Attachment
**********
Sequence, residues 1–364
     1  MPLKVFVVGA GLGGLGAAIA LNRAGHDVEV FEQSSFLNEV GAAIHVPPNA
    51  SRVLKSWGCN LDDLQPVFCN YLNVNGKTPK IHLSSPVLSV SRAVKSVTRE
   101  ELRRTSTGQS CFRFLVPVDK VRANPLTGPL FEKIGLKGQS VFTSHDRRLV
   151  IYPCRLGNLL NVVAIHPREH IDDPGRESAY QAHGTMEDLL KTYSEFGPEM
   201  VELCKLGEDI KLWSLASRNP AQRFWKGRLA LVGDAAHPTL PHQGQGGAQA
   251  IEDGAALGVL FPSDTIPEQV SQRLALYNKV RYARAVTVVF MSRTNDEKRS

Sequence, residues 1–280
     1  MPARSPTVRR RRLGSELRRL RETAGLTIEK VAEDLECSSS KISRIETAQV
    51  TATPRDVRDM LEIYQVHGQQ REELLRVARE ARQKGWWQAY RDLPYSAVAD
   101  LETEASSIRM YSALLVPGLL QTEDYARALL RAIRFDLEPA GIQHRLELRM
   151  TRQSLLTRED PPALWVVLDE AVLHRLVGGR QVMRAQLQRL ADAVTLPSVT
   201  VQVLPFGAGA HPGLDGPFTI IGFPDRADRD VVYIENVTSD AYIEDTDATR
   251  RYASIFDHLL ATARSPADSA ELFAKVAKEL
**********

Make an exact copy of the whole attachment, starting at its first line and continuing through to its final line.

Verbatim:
Sequence, residues 1–364
     1  MPLKVFVVGA GLGGLGAAIA LNRAGHDVEV FEQSSFLNEV GAAIHVPPNA
    51  SRVLKSWGCN LDDLQPVFCN YLNVNGKTPK IHLSSPVLSV SRAVKSVTRE
   101  ELRRTSTGQS CFRFLVPVDK VRANPLTGPL FEKIGLKGQS VFTSHDRRLV
   151  IYPCRLGNLL NVVAIHPREH IDDPGRESAY QAHGTMEDLL KTYSEFGPEM
   201  VELCKLGEDI KLWSLASRNP AQRFWKGRLA LVGDAAHPTL PHQGQGGAQA
   251  IEDGAALGVL FPSDTIPEQV SQRLALYNKV RYARAVTVVF MSRTNDEKRS

Sequence, residues 1–280
     1  MPARSPTVRR RRLGSELRRL RETAGLTIEK VAEDLECSSS KISRIETAQV
    51  TATPRDVRDM LEIYQVHGQQ REELLRVARE ARQKGWWQAY RDLPYSAVAD
   101  LETEASSIRM YSALLVPGLL QTEDYARALL RAIRFDLEPA GIQHRLELRM
   151  TRQSLLTRED PPALWVVLDE AVLHRLVGGR QVMRAQLQRL ADAVTLPSVT
   201  VQVLPFGAGA HPGLDGPFTI IGFPDRADRD VVYIENVTSD AYIEDTDATR
   251  RYASIFDHLL ATARSPADSA ELFAKVAKEL